This map is the one I like best from a drawing standpoint (it sucked to play on). I think it's the most artistic one and it's one I was very pleased to crack. This was also a game that had a subnormal number of players in it, with 15000 being the high ending score vote. This game started simultaneously with SW-Z1267, so I saw how both developed. When I suspected that there were only eight players in 1267, I dreaded that it, too, would have only 8 people. On T4 we found out that there were, in fact, nine.
The map breaks down into several parts. There are the 4 main levels, each holding 36 worlds in a 4x9 pattern and each holding 2 HWs. Then there are the intermediate levels, which are just outlines of the main levels. These sat between the main levels and connected to their perimeters. Then there were the 4 worlds on the wing. My HW was one of these, so my initial view of the map was very different than anyone else's. Trying to reconcile my view with my allies' was giving me fits until I just started with someone elses map and worked from there. I was then able to fit my map in with everyone else, and found out that I was floating in space. The last part of this map is the diabolical part. Each HW had a 2-connector off of it, which connected to another 2-connector. On T4, 8 people showed up at W60, which was a 9-connector. This is how we knew there were only 9 people in the game. This was a hub world that allowed everyone's HW to be within 2 jumps of everyone else's HW. Not pretty.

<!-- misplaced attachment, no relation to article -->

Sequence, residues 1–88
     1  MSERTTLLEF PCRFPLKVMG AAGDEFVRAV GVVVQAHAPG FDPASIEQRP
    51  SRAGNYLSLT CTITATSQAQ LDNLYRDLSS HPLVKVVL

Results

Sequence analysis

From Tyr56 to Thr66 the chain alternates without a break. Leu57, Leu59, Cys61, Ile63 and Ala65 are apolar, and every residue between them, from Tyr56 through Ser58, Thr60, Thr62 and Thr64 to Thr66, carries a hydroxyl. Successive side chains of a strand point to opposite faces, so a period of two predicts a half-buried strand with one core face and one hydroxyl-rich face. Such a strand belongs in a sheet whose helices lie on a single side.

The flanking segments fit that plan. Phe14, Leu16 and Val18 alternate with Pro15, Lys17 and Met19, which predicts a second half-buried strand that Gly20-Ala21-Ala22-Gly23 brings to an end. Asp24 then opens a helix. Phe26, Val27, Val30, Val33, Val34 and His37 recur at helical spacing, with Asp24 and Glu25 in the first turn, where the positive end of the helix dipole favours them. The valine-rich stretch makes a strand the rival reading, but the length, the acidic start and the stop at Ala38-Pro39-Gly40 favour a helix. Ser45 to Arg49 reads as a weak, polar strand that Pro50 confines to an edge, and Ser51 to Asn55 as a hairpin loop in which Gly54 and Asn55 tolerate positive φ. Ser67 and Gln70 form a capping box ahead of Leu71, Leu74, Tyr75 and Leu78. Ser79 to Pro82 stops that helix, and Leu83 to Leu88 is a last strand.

The pattern map is a generic map that shows the structure of the web. The Empire map is a working map where each level connects to the one above and below it through the perimeters (the 4 worlds tucked into the intermediate levels are actually on the outside, but were put inside to save space and to give them a co-ordinate number for the map index). The Overview map is a combination of the previous two and is color-coded the same as the Empires map.
Got my butt kicked in this game, which was won by Crow.